…”Real price of petrol between N200-N215 per litre” – Expert
Strong reactions have continued to trail the Federal Government’s deregulation of the downstream sector of the petroleum industry, following increase in pump price of petrol to between N160 and N162 per litre.
Stakeholders in the polity, on Tuesday, dismissed figures reeled out by Information and Culture Minister, Alhaji Lai Mohammed, to justify reasons for removal of fuel subsidy and petrol price hike.
Lai Mohammed had, while briefing journalists in Abuja, Monday, said the government spent N10.413 trillion as fuel subsidy between 2006 and 2019.
“Nobody can get subsidy figure right”—PENGASSAN
But the Petroleum and Natural Gas Senior Staff Association (PENGASSAN), which reacted through its General Secretary, Lumumba Okugbawa, said: “Nobody can get the subsidy figure right.
“What government is presenting is the figure it prepared which we doubt because we are aware that marketers falsify figures to get bogus subsidy claims. This has led to what is generally regarded as subsidy scam.
“We all can recall that some marketers and their cronies have been prosecuted and are being prosecuted by the Economic and Financial Crimes Commission (EFCC) over subsidy scam. We are aware that the subsidy regime has created several emergency millionaires.
“On our part, we know that the so-called subsidy is what the nation can avoid by focusing on local refining of products because we do not control international price mechanism.”
“Give us your data”, IPMAN, MOMAN task minister
Similarly, the National Operations Controller, Independent Petroleum Marketers Association of Nigeria, IPMAN, Mike Osatuyi, said: “The Minister should not only roll out his figures, he should provide details to enable response, if necessary.”
Also, the chairman, Major Oil Marketers Association of Nigeria, MOMAN, who is also the Chairman/Managing director, 11 Plc, formerly MRS, Mr. Adetunji A. Oyebanji, said: “The subsidy was not free money, but a refund of monies incurred by marketers in the first instance. The term is a misnomer. I believe that he might have been misquoted.”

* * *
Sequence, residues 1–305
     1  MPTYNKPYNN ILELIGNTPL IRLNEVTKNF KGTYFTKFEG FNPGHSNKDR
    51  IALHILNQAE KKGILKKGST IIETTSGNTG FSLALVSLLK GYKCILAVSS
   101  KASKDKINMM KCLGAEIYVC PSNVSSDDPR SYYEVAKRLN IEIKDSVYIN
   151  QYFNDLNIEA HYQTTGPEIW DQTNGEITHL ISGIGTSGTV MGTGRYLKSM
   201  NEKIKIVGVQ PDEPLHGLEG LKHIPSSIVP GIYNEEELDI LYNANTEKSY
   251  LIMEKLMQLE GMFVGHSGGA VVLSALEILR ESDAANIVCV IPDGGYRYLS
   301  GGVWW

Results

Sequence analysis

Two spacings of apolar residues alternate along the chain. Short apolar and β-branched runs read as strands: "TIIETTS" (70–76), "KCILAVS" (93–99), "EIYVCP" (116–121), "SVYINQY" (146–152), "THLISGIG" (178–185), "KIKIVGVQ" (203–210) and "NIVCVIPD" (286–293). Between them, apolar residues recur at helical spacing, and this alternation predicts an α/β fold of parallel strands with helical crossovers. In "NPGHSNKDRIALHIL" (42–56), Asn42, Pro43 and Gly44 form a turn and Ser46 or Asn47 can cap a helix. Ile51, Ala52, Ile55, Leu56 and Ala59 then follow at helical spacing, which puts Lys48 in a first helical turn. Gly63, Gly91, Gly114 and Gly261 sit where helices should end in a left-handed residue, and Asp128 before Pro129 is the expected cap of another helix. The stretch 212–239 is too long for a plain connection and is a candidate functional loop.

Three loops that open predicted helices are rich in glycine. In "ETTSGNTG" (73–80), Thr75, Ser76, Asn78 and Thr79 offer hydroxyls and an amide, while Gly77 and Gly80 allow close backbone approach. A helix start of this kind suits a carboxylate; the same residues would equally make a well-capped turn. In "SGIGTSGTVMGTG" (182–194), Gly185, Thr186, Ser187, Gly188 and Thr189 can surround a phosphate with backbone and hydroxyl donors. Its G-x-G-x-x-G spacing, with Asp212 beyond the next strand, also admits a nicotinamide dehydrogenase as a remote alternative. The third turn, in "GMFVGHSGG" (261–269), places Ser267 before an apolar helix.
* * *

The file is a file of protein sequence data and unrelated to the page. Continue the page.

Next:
Despite some issues associated with deregulation, he said: “Deregulation is the best foundation to grow the industry. They should open up NNPC assets like pipelines and depots to third parties. They should also grant all players equal access to forex, so we don’t have a single entity involved in importation.
“However, we are just starting the process. It is a beginning, eventually it will bring development to the industry, attract investment, create jobs and grow the economy.
“In a deregulated environment, prices will go up and down with market forces. It is to be expected. At times, it will go up and at times it will go down. Since we are importing almost 100 percent, the movements will follow the movements in the international product prices.
“Only one importer is a monopoly. I don’t think that augurs well for competition. If all players have equal access to forex at the same rate, then we would have a level playing field.
“If coy A can bring in product cheaper than coy B, he can compete on price. This will not happen as long as only one entity is importing and determining who gets what.”
NESG lauds FG
Also, the Nigerian Economic Summit Group, NESG, has applauded government’s decision to raise fuel and electricity prices, noting that the benefits would ensure smooth functioning of both markets.
In a statement by its Chairman, Board of Directors, Mr Asue Ighodalo and NESG CEO, Mr Laoye Jaiyeola, the NESG commended government’s actions at deregulating fuel and electricity prices and urge that proper policies, processes and procedures be put in place, to ensure that all the reforms (beyond price deregulation) necessary to facilitate the smooth functioning of both the fuel and electricity markets are effectively and conclusively implemented.